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Biographies -- Calvin Mooers

IP.com Disclosure Number: IPCOM000129897D
Original Publication Date: 1995-Sep-30
Included in the Prior Art Database: 2005-Oct-07
Document File: 3 page(s) / 20K

Publishing Venue

Software Patent Institute

Related People

Kevin D. Corbit: AUTHOR [+2]

Abstract

The Charles Babbage Institute Calvin Mooers was born on October 24, 1919 and died on December 1,1994, of a heart attack. He conducted research on the development and use of information retrieval systems and created the Text Reckoning and Compiling (TRAC) programming language, which was designed specifically to handle unstructured text in an interactive mode, i.e., by a person typing directly into a computer.";1 Mooers became interested in mathematics from his involvement with amateur radio and through the encouragement of Viola Marti, his high school mathematics teacher. While he was still a high school student, his teacher introduced him to the mathematics professors at the University of Minnesota. They encouraged Mooers abilities, and after three years at the university. he began taking graduate courses in mathematics and physics. In the spring of 1941, Professor Lynn H. Rumbaugh, from whom Mooers had taken theoretical physics, recruited him to join the Naval Ordnance Laboratory (NOL) as a physicist, where he worked on degaussing (the protection of ships against magnetic mines). While at NOL he met Charlotte Davis from the Acoustic Division. They married in 1945 and their union continued for 49 years until his death. At the end of World War TI, NOL reorganized and Mooers became part of NOL's newly created Computer Division. where he worked under John Vincent Atanasoff.2

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Copyright ©; 1995 by the Institute of Electrical and Electronics Engineers, Inc. All rights reserved. Used with permission.

Biographies -- Calvin Mooers

Kevin D. Corbit

The Charles Babbage Institute

Calvin Mooers was born on October 24, 1919 and died on December 1,1994, of a heart attack. He conducted research on the development and use of information retrieval systems and created the Text Reckoning and Compiling (TRAC) programming language, which was designed specifically to handle unstructured text in an interactive mode, i.e., by a person typing directly into a computer."1

Mooers became interested in mathematics from his involvement with amateur radio and through the encouragement of Viola Marti, his high school mathematics teacher. While he was still a high school student, his teacher introduced him to the mathematics professors at the University of Minnesota. They encouraged Mooers abilities, and after three years at the university. he began taking graduate courses in mathematics and physics. In the spring of 1941, Professor Lynn H. Rumbaugh, from whom Mooers had taken theoretical physics, recruited him to join the Naval Ordnance Laboratory (NOL) as a physicist, where he worked on degaussing (the protection of ships against magnetic mines). While at NOL he met Charlotte Davis from the Acoustic Division. They married in 1945 and their union continued for 49 years until his death. At the end of World War TI, NOL reorganized and Mooers became part of NOL's newly created Computer Division. where he worked under John Vincent Atanasoff.2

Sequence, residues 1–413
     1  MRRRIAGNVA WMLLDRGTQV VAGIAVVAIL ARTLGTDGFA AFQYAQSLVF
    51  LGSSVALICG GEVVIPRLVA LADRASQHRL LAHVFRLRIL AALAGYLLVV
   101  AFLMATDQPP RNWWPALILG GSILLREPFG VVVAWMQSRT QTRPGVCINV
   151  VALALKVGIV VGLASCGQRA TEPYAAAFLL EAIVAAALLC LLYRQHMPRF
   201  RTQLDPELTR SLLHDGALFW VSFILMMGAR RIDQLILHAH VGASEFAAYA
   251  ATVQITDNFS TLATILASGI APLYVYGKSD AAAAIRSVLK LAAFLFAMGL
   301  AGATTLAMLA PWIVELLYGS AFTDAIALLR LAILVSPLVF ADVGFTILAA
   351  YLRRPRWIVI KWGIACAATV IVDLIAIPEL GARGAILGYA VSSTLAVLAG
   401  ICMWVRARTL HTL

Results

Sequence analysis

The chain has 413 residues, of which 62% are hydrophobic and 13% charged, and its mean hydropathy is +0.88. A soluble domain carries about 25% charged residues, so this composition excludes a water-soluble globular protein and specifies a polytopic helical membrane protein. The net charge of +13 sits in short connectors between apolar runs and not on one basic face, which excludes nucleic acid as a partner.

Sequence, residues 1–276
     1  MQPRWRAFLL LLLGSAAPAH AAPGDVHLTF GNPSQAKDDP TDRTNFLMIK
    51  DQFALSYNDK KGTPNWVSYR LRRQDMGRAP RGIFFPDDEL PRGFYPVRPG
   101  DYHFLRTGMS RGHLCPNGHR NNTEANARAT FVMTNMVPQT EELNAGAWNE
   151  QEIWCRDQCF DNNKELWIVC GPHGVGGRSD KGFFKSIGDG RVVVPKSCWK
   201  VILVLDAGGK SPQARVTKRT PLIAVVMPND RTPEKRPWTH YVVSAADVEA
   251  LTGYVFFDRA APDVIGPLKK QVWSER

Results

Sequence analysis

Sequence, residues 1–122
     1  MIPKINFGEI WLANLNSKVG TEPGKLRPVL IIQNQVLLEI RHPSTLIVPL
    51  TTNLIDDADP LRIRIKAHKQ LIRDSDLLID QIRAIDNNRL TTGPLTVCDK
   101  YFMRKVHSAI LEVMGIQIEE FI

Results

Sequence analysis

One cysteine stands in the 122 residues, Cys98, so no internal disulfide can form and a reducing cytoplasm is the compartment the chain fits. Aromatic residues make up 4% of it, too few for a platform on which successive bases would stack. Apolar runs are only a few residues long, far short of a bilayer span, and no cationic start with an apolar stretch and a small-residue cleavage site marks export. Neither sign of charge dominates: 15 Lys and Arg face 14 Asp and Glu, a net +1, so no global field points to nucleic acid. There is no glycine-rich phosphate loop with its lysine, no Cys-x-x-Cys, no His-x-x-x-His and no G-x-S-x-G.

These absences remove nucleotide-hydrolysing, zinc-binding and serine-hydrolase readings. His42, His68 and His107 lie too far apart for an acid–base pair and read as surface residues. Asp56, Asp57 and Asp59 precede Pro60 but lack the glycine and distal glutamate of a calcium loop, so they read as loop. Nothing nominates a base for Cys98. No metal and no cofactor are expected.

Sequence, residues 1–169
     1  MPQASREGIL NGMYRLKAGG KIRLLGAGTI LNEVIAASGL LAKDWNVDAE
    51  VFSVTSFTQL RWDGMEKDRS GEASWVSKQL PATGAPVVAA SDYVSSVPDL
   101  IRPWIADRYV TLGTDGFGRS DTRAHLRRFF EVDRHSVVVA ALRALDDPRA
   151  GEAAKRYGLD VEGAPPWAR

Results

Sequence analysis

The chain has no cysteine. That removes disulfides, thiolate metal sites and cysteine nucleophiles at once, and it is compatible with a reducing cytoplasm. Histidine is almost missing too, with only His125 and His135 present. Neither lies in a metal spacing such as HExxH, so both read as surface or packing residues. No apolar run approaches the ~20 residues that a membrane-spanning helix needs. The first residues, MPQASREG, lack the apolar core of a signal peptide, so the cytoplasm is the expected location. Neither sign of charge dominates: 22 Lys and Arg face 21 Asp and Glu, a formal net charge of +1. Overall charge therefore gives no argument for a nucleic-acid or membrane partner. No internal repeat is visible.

Frustrated by his belief that 'we were just not getting anywhere at NOL in our computer project," Mooers left NOL in 1946 for graduate school at MIT, hoping to capitalize on his computing experience. He set out to explore the use of digital processes and mathematics to impose control on the technical reports then flooding out of government laboratories. At MIT, Mooers discussed his ideas with James W. Perry, a chemist interested in indexing and finding chemical information. Perry arranged at an American Chemical Society meeting for Mooers to present his ideas on the development of a machine capable of Boolean searching. In his paper, Mooers advocated that chemists should be involved in the development of such a machine.3

His research led him to invent Zatocoding,4which he described as

  (Image Omitted: a complete system. In terms of contemporary lingo, ... [it] was non-electronic, which equals mechanical; it was digital; it would be called a knowledge-based system; it was a selector device (you didn't pick the cards out by hand); it was automatic, in other words, a motor drove it; and it exploited the Zatocoding technique, which can be characterized as selection based upon fuzzy sets.)

Zatocoding used a series of specially notched cards. Each notch was a descriptor representing information in the document to which that card referred. Moo...